Perceptions of registered nurses sanctioned by a board of nursing: individual, health care team, patient, and system contributions to error

Access full-text files




Thomas, Mary Elizabeth, 1951-

Journal Title

Journal ISSN

Volume Title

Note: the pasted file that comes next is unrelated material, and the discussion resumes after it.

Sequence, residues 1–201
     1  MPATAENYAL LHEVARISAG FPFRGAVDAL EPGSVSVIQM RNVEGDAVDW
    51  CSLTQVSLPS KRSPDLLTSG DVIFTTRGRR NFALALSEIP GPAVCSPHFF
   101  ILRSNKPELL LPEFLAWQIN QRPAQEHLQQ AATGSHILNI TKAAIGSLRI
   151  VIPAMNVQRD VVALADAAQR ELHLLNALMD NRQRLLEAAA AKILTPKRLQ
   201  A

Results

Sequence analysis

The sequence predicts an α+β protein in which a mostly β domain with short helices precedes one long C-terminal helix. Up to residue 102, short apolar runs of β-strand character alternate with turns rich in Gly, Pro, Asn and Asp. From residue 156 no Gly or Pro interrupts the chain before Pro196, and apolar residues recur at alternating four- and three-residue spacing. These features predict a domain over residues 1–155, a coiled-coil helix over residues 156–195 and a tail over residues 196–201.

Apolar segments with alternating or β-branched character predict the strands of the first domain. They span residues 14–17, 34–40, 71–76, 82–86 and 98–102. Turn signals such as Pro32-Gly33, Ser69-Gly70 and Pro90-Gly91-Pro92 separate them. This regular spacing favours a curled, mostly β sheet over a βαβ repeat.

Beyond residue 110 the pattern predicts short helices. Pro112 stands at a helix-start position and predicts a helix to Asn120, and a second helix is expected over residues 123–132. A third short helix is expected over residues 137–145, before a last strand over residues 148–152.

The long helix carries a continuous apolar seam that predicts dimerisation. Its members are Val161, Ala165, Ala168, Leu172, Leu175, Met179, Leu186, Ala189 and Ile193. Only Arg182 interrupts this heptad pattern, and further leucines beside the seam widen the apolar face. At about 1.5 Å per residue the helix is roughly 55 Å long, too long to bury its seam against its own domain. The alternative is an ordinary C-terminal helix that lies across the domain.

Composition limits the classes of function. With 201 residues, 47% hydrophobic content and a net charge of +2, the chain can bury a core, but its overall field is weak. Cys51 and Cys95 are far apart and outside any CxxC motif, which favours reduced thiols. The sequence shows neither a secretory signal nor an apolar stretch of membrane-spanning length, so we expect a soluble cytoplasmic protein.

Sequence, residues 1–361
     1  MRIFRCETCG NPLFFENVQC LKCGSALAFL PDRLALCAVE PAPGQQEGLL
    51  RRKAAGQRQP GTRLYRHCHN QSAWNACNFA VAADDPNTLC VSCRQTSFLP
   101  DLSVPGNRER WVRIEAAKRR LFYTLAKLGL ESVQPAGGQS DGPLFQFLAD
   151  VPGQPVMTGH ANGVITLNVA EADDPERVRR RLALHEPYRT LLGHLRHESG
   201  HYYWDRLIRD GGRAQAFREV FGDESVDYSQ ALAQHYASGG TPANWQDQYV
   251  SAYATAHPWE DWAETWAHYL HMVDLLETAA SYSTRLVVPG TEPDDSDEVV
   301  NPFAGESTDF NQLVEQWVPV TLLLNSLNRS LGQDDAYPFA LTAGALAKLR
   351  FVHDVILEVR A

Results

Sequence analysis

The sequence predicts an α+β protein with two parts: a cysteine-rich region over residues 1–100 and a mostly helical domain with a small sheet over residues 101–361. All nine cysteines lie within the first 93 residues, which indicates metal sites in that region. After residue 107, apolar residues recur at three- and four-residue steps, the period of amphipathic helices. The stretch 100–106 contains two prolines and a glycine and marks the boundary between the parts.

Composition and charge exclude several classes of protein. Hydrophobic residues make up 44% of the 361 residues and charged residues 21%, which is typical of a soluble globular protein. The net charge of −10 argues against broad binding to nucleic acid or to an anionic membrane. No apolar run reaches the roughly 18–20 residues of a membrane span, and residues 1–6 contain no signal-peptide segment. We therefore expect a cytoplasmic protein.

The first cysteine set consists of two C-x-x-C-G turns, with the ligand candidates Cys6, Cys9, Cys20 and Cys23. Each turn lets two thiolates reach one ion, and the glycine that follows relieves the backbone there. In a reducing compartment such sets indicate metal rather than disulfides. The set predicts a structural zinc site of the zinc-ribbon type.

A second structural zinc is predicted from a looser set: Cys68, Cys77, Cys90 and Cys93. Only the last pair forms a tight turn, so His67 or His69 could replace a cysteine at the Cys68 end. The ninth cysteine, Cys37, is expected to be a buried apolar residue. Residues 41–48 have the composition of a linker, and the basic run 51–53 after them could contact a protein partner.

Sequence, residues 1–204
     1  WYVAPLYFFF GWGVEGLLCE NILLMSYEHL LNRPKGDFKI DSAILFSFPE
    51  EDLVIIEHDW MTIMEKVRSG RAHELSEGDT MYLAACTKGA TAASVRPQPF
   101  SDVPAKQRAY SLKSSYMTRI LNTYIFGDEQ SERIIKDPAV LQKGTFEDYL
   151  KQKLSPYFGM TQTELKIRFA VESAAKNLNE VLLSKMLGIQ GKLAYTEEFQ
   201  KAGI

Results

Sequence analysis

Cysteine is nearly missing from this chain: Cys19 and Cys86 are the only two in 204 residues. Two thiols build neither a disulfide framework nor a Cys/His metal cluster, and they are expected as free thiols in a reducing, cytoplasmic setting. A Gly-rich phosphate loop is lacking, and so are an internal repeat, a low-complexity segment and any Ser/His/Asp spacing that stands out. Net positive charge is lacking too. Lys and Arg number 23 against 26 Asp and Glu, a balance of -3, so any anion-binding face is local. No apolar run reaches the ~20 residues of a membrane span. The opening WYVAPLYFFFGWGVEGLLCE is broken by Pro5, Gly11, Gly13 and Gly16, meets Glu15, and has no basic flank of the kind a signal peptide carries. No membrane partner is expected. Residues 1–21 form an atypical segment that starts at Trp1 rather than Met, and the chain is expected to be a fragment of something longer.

Errors in health care are one of the leading causes of death and injury in this country, requiring new methods for evaluating and promoting quality in health care services. Concern for patient safety, the foundation for quality services, has prompted national initiatives to examine the most basic premise for health care providers: Do no harm to the patient. Few of these initiatives have examined errors from the perspective of those who have been sanctioned for their errors. This descriptive, exploratory study utilized a survey methodology to examine the perceptions of 62 registered nurses (RNs) who had been sanctioned by a board of nursing to ascertain categories of practice errors and identify individual, health care team, patient, and system threats that contributed to an error and/or patient harm. The Threat and Error Management Model (TEMM) was utilized as a framework for examining the phenomena that promote or hinder patient safety. Using a modified version of the Taxonomy of Error Root Cause Analysis of Practice-Responsibilities (TERCAP) instrument, sanctioned RNs selected types of errors associated with a breakdown in their nursing practice. In addition, they identified factors that contributed to their errors, including individual, health care team, patient, and system threats. Associations between the levels of patient harm and types of error were examined. Two open-ended questions provided an opportunity for the participants to describe changes in their practice since the error event. System and health care team factors were the most common items selected as contributing to the error events, while individual factors were the least often selected items. Two types of errors, clinical evaluation and attentiveness/surveillance, were significantly related to the level of harm to patients. Given the opportunity to discuss individual factors through open-ended questions, responses were comprehensive and many were related to issues with trust. Recommendations for nursing theory, policy, practice, education, and research are reviewed.